Want a more fuel efficient car? Then redesign it – here's how

43mpg from a Jaguar XJ-S

Pull your weight

In principle the XJ-S can be fuel efficient, because it has a small frontal area and a good drag coefficient. The body shell is stiff and commendably light, even if Jaguar then filled it with components apparently made from depleted uranium and osmium. I also thought it would be interesting to demonstrate what could have been done thirty years ago, if only it had mattered.

Jaguar XJS modified for fuel efficiency

Fig.1 Styling from the golden age of car design: the Jaguar XJ-S 3.6 is now an exclusive car; only people who can weld can run one. I bought the number plate; the car came free. A negative value vehicle; the repairs would cost more than it would ever be worth. The secret is to decide that this doesn’t matter and to have fun

Mine is too old to require a catalyst, so it can legally be lean-burned using a modern engine control unit (ECU). The fact that it isn’t a software-controlled shapeless CAD blob is another tremendous boon – see Fig. 1.

Hoping for a moderate improvement, I started work, and spurred on by early successes I ended up far beyond where I thought I would get. In fact, over the past few years I have doubled the fuel economy of a 1984 3.6 litre XJ-S; not according to some peculiar test schedule that applies to no-one, but according to the way I drive it with the loads I carry.

The fuel economy has gone up faster than the cost of fuel. The last long drive got me from Stockholm to Esbjerg on a single tank full. That’s 630 miles and corresponds to 43mpg or 150gm CO2 per kilometre or 275 gm CO2 per mile. I expect to get better results in due course.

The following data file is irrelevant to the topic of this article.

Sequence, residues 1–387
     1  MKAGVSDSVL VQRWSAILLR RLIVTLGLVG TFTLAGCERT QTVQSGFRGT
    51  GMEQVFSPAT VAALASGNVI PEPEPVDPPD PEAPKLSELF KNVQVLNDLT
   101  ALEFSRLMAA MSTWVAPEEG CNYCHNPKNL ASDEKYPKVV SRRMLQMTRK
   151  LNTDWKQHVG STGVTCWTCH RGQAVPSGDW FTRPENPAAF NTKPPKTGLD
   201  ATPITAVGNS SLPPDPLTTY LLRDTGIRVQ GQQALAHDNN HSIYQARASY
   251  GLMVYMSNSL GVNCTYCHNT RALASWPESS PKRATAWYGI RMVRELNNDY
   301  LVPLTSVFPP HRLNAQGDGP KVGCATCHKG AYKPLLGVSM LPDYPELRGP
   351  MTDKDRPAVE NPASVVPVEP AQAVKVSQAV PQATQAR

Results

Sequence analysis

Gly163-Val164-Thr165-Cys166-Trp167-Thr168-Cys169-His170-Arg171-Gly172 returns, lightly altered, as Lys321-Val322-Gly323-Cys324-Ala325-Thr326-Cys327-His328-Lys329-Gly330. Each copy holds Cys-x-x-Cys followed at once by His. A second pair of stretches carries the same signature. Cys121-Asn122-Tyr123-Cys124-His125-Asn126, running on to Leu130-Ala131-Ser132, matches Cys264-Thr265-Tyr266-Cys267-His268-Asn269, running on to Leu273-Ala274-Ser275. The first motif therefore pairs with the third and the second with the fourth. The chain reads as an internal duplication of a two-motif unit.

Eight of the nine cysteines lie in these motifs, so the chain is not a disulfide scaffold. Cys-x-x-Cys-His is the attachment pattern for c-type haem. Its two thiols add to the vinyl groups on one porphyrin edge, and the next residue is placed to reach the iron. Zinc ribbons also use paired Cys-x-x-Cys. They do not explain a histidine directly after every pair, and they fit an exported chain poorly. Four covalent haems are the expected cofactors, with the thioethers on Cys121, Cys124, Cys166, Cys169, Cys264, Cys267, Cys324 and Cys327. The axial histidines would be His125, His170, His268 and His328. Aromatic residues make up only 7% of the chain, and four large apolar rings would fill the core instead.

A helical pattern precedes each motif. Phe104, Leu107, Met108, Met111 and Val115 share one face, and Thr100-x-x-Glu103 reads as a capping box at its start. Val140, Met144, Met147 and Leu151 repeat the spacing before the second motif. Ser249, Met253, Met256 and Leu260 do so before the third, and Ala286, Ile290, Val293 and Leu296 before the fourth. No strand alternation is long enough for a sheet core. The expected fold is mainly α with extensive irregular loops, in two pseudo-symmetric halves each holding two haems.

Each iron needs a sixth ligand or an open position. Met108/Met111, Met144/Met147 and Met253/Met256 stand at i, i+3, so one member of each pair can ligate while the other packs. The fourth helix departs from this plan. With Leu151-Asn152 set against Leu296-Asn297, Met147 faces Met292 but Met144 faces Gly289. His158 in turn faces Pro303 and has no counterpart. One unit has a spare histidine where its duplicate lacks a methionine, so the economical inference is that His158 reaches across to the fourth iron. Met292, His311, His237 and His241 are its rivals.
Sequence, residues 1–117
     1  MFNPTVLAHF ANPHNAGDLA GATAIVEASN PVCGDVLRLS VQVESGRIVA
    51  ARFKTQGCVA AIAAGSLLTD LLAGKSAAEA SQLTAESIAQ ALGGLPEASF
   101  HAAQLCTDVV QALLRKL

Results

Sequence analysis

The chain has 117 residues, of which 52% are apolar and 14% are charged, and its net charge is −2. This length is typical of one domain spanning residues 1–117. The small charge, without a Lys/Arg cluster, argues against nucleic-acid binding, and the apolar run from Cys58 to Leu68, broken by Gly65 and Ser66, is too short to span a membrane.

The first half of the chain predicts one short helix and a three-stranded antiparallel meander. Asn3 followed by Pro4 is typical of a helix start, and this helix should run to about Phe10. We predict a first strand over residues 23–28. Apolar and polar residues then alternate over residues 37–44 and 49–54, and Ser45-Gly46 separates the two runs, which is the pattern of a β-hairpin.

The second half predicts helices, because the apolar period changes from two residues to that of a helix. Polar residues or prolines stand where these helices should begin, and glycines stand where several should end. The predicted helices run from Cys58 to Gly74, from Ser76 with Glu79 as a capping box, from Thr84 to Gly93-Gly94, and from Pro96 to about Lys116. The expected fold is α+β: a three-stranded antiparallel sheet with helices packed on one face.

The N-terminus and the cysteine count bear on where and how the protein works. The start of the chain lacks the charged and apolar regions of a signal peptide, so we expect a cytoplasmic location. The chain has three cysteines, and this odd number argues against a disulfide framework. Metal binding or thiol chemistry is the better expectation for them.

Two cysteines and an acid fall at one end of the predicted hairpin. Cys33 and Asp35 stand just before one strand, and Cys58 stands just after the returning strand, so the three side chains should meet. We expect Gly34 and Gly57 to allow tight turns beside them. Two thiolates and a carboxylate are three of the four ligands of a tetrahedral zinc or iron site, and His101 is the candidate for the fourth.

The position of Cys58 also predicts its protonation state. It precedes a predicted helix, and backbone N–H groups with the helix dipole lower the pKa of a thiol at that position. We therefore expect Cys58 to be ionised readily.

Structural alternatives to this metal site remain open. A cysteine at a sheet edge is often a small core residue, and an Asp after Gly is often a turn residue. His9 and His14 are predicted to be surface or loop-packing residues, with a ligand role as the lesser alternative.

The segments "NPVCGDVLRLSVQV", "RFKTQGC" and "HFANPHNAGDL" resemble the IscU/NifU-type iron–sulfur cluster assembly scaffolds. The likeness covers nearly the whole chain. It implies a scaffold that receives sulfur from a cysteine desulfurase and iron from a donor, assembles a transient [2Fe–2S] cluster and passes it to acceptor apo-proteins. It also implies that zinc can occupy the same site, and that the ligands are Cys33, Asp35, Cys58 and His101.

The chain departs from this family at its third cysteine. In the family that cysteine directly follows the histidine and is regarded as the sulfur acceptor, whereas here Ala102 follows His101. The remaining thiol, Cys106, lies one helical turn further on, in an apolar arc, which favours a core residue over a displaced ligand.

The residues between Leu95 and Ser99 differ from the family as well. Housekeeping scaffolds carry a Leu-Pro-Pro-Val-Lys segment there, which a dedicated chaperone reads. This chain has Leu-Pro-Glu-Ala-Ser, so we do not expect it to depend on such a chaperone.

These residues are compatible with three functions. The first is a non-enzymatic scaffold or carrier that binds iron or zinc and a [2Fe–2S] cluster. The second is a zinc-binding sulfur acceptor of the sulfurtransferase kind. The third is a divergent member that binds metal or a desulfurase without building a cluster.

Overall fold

There is no silver bullet, no one thing that gets the whole result. Instead it is necessary to understand the physics of cars, to find where manufacturers have cut corners and how to remedy their compromises. The solution lies in working with the complexity of the vehicle.

The power that reaches the road wheels is lost or wasted in a large number of stages. Suppose we can identify five places where improvements can be made. An improvement of 5 per cent in the performance of something that has been commoditised to death is not unreasonable and this can often be exceeded.

But what happens if we compound five such improvements? Something very interesting; the improvements improve each other. Five improvements of five percent each give an overall improvement not of 25 percent, but of over 27 percent. Just multiply 1.05 by itself five times and the answer is 1.276. [Of course 0.95 to the fifth is 0.774 so perhaps the improvement is actually less than 23 per cent and the improvements make each other less important, depending on just what we might be calculating here. But let's see where he's going with this. -Ed]

The next key issue is that a significant part of the vehicle’s drag is due to taking air onboard to cool things. This is known as momentum drag. It follows immediately that if we can make the vehicle more efficient, less heat will be developed, and the momentum drag can be reduced, compounding the saving. A great deal of attention is paid to this in aircraft. The P-51 Mustang had a highly sophisticated low-drag cooling system that contributed to its great range.

North American P-51D Mustang

Drag Queen: North American P-51D Mustang at the National Museum of the United States Air Force
Photo: U.S. Air Force

A car reaches constant speed when the forward thrust is balanced by the rolling resistance and the aerodynamic drag. Rolling resistance dominates at low speed, drag at high speed. If either can be decreased, the thrust necessary will go down. But cars are not only driven at constant speed. The heavier the car, the more thrust is needed to achieve a given acceleration.

One obvious efficiency measure is to reduce the mass of the vehicle. A lightened vehicle suffers less rolling resistance and needs less thrust to accelerate, but the aerodynamic drag remains the same. Reducing the drag of a vehicle benefits high speed, but not acceleration from rest.

What to do depends on the ratio of the vehicle’s drag to its weight. The greatest benefit comes from fixing the worst problem. In the case of the Jaguar it was weight.

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